May 25, 2017

Dave Pell, 1925-2017

Dave Pell passed away on May 8 at the age of 92. He was not a familiar name to the casual listener, but he carved himself multiple niches in the West Coast music scene. While Dave was mainly known as a tenor saxophonist, he was a man of many hats, and applied his talents to producing records, taking photographs for album covers, arranging music for large and small ensembles, including the Dave Pell Octet, and organizing the Lester Young based group called The Prez Conference.
I’m sure those who knew Dave would comment on his high energy and healthy sense of humor. While he was born in New York, he never returned after leaving on a trip to the West Coast with the Tony Pastor Orchestra. He did not suffer mediocre musicians gladly, and had a unique way of getting solo space, even as a young man.
DP: I was with Tony Pastor getting there. And the story about Tony Pastor, I get to California and I say, “Gee Tony, this is great. Good-bye. I’m quitting.” He says, ‘you can’t leave me in L.A., this is wilderness. There’s no guys. I can’t get a guy that’ll leave California, they don’t want to come here.” I said, “good-bye.” And so he says, “well stay with me until we leave California and then you can quit. So six weeks later I left the band. But I had fun with Tony because I’d run out to the microphone to beat him to his own solos. Because he didn’t really like to play. But the only way I could get to play was to be a cocky kid and run up to the mic when he’s ready to play and I’m up there playing already. “Sorry, Tony.”
MR: Sounds like you didn’t lack for self confidence.
DP: Oh, no, I was a smart ass, it was terrible. I was just terrible. But that’s kind of a thing that you have to do. It’s almost like the sidemen on the band, they keep watching the leader. And watching all the mistakes he makes. And all the wrong things he does. Because in the back of his mind, I’m going to be a leader some day and I ain’t never gonna put myself — I mean Les Brown, I had a great time with Lester’s band and played on every tune, you know I had a great, great book to play, and we had [Don] Fagerquist and all the good players. And I remember as I went out every time to play a solo out front, we’d just didn’t stand up, we’d go out front — show biz. And I remember kicking over Lester’s horn at least once a night. “Oh, I tripped, ohhh, I’m so sorry, Oh, Les I’ll fix it later.” Well he didn’t play too well. And we didn’t like him playing in the band with us, because the saxes sounded so good. But when he played he played awful. And so if his horn didn’t work, he wouldn’t play. And Les after years and years he finally figured out I was doing it on purpose. You know, “I’m so clumsy, Les, I’m sorry.” But I was kicking over his horn so he wouldn’t play. Terrible, terrible.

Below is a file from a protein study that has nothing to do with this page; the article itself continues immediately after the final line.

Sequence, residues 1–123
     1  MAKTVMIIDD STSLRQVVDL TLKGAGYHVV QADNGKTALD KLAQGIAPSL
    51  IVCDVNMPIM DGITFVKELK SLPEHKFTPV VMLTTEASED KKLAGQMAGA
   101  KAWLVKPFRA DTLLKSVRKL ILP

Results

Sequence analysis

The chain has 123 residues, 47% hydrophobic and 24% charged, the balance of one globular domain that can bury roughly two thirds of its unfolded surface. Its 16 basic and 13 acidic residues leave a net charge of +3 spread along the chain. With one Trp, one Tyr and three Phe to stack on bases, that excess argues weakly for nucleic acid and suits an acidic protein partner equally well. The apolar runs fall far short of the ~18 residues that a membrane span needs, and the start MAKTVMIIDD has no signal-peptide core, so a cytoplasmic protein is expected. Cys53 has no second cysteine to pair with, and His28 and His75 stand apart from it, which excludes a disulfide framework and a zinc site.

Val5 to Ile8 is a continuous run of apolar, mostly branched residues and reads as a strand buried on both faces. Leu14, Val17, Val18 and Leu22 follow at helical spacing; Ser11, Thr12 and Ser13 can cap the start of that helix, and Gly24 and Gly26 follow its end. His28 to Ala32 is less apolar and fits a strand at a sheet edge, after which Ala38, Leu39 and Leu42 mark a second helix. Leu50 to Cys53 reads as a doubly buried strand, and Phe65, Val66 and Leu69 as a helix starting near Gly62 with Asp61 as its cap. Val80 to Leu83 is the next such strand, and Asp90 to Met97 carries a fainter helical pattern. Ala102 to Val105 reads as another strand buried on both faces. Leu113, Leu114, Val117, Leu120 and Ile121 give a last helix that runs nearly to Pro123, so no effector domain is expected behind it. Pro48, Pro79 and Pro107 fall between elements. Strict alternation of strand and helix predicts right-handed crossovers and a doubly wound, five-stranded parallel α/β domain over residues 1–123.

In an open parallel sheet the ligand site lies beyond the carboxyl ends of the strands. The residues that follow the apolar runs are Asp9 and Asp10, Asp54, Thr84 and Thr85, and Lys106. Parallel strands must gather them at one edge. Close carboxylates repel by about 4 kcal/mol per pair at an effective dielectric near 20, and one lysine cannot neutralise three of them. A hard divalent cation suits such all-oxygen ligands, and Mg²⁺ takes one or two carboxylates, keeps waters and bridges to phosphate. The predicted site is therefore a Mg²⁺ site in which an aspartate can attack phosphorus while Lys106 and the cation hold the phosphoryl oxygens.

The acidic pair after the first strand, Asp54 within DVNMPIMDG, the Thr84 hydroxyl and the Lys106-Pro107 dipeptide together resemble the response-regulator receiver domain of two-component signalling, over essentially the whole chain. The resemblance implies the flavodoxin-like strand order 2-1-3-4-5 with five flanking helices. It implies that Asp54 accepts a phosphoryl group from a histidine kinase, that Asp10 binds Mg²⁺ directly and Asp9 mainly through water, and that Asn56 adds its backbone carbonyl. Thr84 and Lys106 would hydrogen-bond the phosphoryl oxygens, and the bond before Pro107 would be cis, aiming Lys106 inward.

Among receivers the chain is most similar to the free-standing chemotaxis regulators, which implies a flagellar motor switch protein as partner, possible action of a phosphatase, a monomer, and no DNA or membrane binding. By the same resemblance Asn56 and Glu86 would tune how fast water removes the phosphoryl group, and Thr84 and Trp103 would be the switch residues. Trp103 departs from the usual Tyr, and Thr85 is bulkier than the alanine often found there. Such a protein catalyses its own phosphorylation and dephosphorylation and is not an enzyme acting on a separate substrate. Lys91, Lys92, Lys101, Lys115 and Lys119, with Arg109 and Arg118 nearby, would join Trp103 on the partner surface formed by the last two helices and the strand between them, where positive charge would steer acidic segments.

Like other Los Angeles-based musicians, Dave was a passionate golfer. He decided there was a niche market for custom-made golf clubs, and he was the man to fill it. In his own words, he stated: “I found out that if I hit the ball and missed the shot that couldn’t be me, it must be the equipment.” This gave birth to yet one more project for the always active Mr. Pell.
I have the feeling that Dave did not enjoy what we call “down time.”
DP: I loved it. I think I would have been happier just playing. But it wasn’t enough for me. It wasn’t enough of a challenge. I figured it’s like sitting there in the band and watching the leader and then realizing all the things he did wrong, and saying I’m going to be the leader now. All right I’m the leader, now what? Well I got 30 albums. Well now what? You know? You keep on wanting to spread out. It’s like improvising. Exactly like improvising. It’s making something happen.
You can watch the entire interview I did with Dave in April of 1996, fresh off the presses on the Fillius Jazz Archive Channel. Click here.